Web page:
A week before that, Israel and the US held a joint exercise of the X-Band radar, which the Bush administration deployed in the Negev late last year. The exercise was held at EUCOM headquarters in Germany, and it revealed that, when operating in conjunction with Israeli early-warning systems, the X-Band enables Home Front Command to issue an alert about an incoming missile between five and seven minutes before impact.
The testing of the X-Band came on the heels of the testing of the Arrow missile defense system on the US West Coast, and following the navy's decision to send a submarine and several of its advanced Sa'ar 5 class missile ships through the Suez Canal for the first time in years, a move understood to be a signal to Iran of its military preparations. The IAF has also been increasing its overseas training.
THE MAIN question, though, is what the US plans to do. The parade of American officials to Jerusalem this week - including Gates, special envoy George Mitchell and National Security Adviser James Jones - was aimed at coordinating efforts and ensuring that both countries be on the same page.
About the Gates-Barak meeting, defense commentators said that what they heard in the room was far different from what Gates said outside.
"The Americans and we are on the same page, and are also very pessimistic about the outcome of a dialogue, particularly in light of the political mess in Iran today," explained one senior official. For that reason, Gates said the US will not wait forever for Iran to begin negotiations.
The differences, however, begin to emerge when the sides start talking about "the day after" the dialogue - depending, of course, on its success or failure.
If it is a failure, and the US decides to increase sanctions - particularly against Iran's refined fuel imports - Israeli officials are skeptical that such a move would be possible without Russian support, something that President Barack Obama has yet to obtain.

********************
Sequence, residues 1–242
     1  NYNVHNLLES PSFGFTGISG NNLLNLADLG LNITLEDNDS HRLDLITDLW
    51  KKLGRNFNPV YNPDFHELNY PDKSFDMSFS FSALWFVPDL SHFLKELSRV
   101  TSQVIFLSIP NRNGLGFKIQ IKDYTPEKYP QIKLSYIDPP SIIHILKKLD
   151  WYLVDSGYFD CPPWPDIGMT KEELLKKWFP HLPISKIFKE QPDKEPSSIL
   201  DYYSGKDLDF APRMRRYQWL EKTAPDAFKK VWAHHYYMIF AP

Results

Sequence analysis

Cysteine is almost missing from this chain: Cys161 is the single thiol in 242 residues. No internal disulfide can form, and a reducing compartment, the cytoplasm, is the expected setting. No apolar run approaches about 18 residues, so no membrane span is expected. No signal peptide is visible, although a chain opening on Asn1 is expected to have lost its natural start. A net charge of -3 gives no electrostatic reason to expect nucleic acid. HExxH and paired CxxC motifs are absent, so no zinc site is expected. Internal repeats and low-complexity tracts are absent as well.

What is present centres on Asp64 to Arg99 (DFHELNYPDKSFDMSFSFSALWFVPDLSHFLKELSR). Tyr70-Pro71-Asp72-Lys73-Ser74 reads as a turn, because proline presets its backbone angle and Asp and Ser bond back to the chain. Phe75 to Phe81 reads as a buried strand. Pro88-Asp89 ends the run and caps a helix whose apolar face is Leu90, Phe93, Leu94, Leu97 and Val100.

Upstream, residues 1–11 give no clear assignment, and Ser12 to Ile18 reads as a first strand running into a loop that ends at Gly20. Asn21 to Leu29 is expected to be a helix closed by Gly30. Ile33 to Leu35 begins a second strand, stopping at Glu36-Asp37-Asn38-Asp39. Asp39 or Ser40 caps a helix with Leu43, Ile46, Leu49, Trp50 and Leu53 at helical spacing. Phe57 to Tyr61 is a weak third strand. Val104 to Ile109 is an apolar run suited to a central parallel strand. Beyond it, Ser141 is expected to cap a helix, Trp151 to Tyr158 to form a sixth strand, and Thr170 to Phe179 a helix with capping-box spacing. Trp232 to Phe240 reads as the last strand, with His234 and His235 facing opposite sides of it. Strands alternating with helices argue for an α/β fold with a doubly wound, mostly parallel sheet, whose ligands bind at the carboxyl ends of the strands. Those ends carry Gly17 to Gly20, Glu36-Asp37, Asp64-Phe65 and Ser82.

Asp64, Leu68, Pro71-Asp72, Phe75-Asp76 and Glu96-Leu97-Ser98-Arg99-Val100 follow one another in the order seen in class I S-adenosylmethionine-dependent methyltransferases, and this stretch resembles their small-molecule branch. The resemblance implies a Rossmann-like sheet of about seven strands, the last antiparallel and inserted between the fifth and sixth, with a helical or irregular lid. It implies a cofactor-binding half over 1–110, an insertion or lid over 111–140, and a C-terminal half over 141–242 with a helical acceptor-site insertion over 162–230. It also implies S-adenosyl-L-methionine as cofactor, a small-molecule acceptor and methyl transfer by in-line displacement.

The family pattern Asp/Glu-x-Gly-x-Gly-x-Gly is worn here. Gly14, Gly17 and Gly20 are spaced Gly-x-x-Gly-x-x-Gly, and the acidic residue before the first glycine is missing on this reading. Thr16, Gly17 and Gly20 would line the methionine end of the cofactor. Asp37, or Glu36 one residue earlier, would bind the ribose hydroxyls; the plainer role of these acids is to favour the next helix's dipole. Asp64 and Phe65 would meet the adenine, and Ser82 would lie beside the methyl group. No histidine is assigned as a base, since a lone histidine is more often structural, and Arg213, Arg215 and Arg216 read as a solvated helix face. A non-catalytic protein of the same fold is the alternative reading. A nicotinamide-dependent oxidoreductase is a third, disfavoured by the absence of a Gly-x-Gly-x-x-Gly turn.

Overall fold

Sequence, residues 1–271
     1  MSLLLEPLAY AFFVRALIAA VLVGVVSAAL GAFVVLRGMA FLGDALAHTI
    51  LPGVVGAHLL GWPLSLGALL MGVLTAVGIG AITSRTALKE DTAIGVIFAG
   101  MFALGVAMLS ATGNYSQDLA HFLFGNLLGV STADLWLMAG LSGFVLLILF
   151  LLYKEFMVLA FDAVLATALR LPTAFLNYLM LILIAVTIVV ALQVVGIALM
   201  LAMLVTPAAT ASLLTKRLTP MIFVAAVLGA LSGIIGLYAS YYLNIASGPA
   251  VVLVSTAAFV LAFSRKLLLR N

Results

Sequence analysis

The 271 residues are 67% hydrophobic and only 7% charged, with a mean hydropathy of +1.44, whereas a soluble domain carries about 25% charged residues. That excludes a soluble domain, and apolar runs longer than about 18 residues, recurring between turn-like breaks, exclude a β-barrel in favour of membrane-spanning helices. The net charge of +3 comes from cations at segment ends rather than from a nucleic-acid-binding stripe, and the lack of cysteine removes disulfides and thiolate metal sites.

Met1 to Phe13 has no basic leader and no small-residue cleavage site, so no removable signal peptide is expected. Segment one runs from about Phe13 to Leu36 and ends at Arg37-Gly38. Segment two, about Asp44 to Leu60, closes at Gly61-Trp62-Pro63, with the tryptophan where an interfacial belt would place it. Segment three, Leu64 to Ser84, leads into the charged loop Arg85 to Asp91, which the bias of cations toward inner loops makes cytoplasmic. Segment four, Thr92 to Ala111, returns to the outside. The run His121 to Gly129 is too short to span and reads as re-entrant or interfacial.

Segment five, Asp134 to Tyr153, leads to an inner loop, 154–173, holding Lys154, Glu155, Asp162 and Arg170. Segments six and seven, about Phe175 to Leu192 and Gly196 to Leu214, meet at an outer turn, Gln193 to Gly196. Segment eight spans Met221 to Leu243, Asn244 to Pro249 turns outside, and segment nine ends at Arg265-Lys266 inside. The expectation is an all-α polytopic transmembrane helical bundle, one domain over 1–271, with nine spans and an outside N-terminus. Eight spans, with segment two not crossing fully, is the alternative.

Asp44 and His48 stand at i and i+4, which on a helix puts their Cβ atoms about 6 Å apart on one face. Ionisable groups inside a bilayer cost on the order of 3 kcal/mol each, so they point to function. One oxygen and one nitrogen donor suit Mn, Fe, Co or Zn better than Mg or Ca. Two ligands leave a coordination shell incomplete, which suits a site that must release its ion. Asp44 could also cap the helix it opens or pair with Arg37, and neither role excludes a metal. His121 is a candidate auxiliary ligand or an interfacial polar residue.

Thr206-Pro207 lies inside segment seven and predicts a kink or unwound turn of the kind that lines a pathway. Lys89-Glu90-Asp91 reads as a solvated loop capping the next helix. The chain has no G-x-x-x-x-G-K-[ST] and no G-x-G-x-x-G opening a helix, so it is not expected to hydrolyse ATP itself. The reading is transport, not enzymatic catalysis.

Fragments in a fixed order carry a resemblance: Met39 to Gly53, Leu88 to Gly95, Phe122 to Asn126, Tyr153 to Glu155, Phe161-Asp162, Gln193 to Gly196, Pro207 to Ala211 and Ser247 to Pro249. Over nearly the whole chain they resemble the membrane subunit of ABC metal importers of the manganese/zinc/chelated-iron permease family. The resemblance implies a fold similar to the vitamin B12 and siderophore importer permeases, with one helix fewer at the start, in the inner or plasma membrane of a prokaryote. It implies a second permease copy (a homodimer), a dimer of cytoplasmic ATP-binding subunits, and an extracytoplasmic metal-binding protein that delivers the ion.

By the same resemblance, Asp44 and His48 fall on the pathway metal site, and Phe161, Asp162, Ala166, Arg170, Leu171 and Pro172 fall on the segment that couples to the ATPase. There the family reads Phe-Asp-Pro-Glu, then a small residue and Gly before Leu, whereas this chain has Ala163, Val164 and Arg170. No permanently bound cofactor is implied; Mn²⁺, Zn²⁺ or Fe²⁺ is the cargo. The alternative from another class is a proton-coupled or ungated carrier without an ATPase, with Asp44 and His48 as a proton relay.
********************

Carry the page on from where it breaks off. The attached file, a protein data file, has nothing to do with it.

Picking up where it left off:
But senior IDF officers said this week that they were encouraged by remarks Joint Chiefs of Staff Chairman Adm. Mike Mullen - who talks weekly with his Israeli counterpart Gabi Ashkenazi - made in recent interviews. While Mullen said that an Israeli strike would be destabilizing for the region, he also said that Iran is very focused on obtaining a nuclear capability. In addition, he accepted Israeli time estimates regarding the nuclear program, meaning that time is running out. These remarks are understood within the defense establishment as being aimed first and foremost at the White House.
"What we think Mullen is trying to do is to warn his own government to prepare for the possibility that the talks will fail, and that if it doesn't want Israel to attack, to come up with a viable alternative," explained one top official.
If the dialogue succeeds, Israel's hands will likely be tied. One possible scenario is that Obama agrees to allow Iran to establish a civilian nuclear program. While Israel may still view this as a threat, it will be almost impossible to attack without endangering its strategic relationship with the US.
If the dialogue fails, Israel will have more room to maneuver, and to say to the Americans: "We gave you a chance, and now we have no choice but to attack."
Though the US might nevertheless be upset with Israel for this, the consequences for Israeli-American relations would likely be far less severe than they would in the event that talks bear fruit.